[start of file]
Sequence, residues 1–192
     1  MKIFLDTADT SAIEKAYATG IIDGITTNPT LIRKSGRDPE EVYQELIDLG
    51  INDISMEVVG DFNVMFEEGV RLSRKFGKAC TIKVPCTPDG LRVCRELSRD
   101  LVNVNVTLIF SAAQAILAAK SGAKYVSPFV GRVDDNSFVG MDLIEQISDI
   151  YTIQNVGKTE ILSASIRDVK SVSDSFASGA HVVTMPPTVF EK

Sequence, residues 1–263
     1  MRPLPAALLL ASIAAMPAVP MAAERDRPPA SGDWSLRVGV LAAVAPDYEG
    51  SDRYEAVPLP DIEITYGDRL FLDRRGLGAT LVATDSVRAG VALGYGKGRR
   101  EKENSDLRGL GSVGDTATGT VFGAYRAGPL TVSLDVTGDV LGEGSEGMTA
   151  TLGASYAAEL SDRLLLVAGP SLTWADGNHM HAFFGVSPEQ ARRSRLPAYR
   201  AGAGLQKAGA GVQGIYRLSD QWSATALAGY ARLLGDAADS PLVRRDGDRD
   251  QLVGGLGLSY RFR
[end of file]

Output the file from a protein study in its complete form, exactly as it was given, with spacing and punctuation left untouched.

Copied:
Sequence, residues 1–192
     1  MKIFLDTADT SAIEKAYATG IIDGITTNPT LIRKSGRDPE EVYQELIDLG
    51  INDISMEVVG DFNVMFEEGV RLSRKFGKAC TIKVPCTPDG LRVCRELSRD
   101  LVNVNVTLIF SAAQAILAAK SGAKYVSPFV GRVDDNSFVG MDLIEQISDI
   151  YTIQNVGKTE ILSASIRDVK SVSDSFASGA HVVTMPPTVF EK

Sequence, residues 1–263
     1  MRPLPAALLL ASIAAMPAVP MAAERDRPPA SGDWSLRVGV LAAVAPDYEG
    51  SDRYEAVPLP DIEITYGDRL FLDRRGLGAT LVATDSVRAG VALGYGKGRR
   101  EKENSDLRGL GSVGDTATGT VFGAYRAGPL TVSLDVTGDV LGEGSEGMTA
   151  TLGASYAAEL SDRLLLVAGP SLTWADGNHM HAFFGVSPEQ ARRSRLPAYR
   201  AGAGLQKAGA GVQGIYRLSD QWSATALAGY ARLLGDAADS PLVRRDGDRD
   251  QLVGGLGLSY RFR